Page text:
In Easler v. Southern Railway Co., 60 S.C. 117, 38 S.E. 258, 260, the defendant, prior to the trial, made a motion for an order requiring the plaintiff to allow a personal examination to be made of him by a physician so that such physician could testify as a witness in the cause in behalf of the defendant.Summary of this case from Welsh v. Gibbons
April 1, 1901.
Before TOWNSEND, J., Lexington, September, 1900. Affirmed.
Action for damages for personal injuries by R.T. Easler, by his guardian ad litem, J.P. Easler, against Southern Railway Co. From order refusing motion requiring plaintiff to submit to physical examination by physician chosen by defendant, defendant appeals.
Messrs. B.L. Abney and E.M. Thomson, for appellant, cite: The power of the Court to order a physical examination of the plaintiff before trial, has been the subject of adjudication by the Courts of last resort in a number of States: 46 L.R.A., 153; 47 1a., 375; 29 Kan., 466; 52 How. Pr., 334; 37 Ohio St., 104; 61 Wis. 536; 90 Ala., 71; 88 Ala., 147; 93 Ala., 514; 46 Ark. 275; 60 Ark. 486; 82 Ga. 719; 99 Ga. 255; 122 Ill., 461; 22 Ill., 114; 138 Ill., 465; 29 Kan., 466; 95 Mich., 266; 107 Mich., 496; 93 Mo., 400; 95 Mo., 169; 85 Mo., 629; 35 Mo., 97; 17 Neb. 211; 16 Id., 578; 33 Minn., 130; 37 Ohio St., 104; 7 Pa. Co. Ct., 565; 2 Pa. Dist., 825; 26 W.N.C. (Pa.), 231; 64 Tex., 463; 72 Tex., 95; 44 S.W. 89; 61 Wis. 536; 46 L.R.A., 153. The States having statutes authorizing the Court to make such an order: New Jersey — P.L., 1896, chap. 202; New York — Chap. 721, Laws 1893, Code, 32 N.Y. Supp., 177; 16 Ency., 2d 812. Rule in U.S. Supreme Court: 141 U.S. 250, 177, 172. As to the time for applying for the order: 16 Ency., 2 ed., 814.
Messrs. G.T. Graham and Ragsdale Ragsdale, contra.
April 1, 1901. The opinion of the Court was delivered by
This action was commenced in Fairfield County, on 25th January, 1900, but on motion was transferred to Lexington County. The facts are substantially the same as those in the case of Nancy Easler v. Southern Railway Co., in which the opinion of this Court was recently filed.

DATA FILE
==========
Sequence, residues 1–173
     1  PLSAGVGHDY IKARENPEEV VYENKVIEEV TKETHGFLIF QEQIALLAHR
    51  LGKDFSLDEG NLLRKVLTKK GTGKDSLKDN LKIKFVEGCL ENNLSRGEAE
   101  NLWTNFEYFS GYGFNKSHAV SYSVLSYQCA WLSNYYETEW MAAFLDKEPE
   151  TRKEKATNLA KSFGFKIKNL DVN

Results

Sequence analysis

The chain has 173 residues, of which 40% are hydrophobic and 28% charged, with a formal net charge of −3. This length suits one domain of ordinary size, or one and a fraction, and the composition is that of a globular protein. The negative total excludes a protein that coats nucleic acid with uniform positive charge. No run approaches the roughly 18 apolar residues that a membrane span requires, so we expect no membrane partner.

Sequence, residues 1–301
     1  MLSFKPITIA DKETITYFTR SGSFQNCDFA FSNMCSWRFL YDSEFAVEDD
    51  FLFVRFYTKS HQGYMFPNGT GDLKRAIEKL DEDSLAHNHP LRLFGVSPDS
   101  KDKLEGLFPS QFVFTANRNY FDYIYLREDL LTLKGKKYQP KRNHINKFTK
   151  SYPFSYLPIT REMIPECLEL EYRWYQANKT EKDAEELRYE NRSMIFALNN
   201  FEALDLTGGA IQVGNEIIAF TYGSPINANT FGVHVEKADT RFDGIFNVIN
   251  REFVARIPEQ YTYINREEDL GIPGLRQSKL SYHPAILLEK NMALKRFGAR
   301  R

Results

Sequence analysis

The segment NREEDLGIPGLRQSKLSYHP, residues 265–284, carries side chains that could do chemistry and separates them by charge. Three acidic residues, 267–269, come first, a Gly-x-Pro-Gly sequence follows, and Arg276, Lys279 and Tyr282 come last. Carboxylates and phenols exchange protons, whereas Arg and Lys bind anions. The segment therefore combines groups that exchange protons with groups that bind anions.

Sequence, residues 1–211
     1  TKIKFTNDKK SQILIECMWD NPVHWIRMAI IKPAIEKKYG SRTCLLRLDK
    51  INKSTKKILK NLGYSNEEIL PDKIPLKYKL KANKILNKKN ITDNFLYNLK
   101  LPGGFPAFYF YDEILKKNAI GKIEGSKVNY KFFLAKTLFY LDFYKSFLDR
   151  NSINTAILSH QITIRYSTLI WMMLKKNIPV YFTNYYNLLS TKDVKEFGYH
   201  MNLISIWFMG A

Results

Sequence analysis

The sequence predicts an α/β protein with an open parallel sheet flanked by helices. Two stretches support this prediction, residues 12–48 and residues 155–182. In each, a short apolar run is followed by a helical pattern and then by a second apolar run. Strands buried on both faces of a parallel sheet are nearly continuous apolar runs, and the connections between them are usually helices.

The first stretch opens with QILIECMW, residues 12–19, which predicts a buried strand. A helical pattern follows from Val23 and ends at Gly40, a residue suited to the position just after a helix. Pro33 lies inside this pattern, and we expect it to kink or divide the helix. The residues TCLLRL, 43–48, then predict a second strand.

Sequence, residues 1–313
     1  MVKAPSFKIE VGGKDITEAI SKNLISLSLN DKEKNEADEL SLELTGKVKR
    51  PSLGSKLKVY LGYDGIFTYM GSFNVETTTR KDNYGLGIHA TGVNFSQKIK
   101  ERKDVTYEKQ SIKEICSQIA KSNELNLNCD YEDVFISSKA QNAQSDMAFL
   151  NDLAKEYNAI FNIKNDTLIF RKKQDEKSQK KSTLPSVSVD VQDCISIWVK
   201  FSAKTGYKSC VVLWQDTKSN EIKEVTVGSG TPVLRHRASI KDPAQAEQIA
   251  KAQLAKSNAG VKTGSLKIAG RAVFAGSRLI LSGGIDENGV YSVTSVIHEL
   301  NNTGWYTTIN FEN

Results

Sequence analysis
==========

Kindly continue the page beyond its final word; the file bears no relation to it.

On 6th September, 1900, a motion was made before his Honor, D.A. Townsend, presiding Judge, at that time in the Fifth Circuit, at his chambers in Camden, S.C. for an order requiring the plaintiff to permit and allow a personal examination to be made of him by a physician, for the purpose of testifying as a witness in the cause in behalf of the defendant. The motion was made upon the following notice to the plaintiff's attorneys: "Please take notice that we will apply to Hon. D.A. Townsend, presiding Judge in the Fifth Circuit, at his chambers at Camden, S.C. on the 6th day of September, 1900, at 1 o'clock P.M., or as soon thereafter as counsel can be heard, for an order requiring the plaintiff, R.T. Easler, to permit and allow Dr. B.W. Taylor, a physician and surgeon at Columbia, S.C. where he resides, to personally examine the said plaintiff, R.T. Easler, as to his personal injuries, and as to the causes, in a medical sense, producing the same, and the nature and extent of the same, on account of which the above stated action has been brought against the said defendant, Southern Railway Company; that such personal inspection and examination of the said plaintiff, R.T. Easler, is for the purpose of enabling the said defendant to properly defend said action; and without such examination the defendant will be wholly dependent upon the statements of the plaintiff and of his own physician; and that this examination is sought for the purpose of enabling the said Dr. B.W. Taylor to testify as a witness in this case. You will further take notice that such motion will be made upon the complaint and answer filed in said cause and upon the affidavit hereto attached." His Honor, the Circuit Judge, refused the motion on the ground that the Court was without power to grant such an order.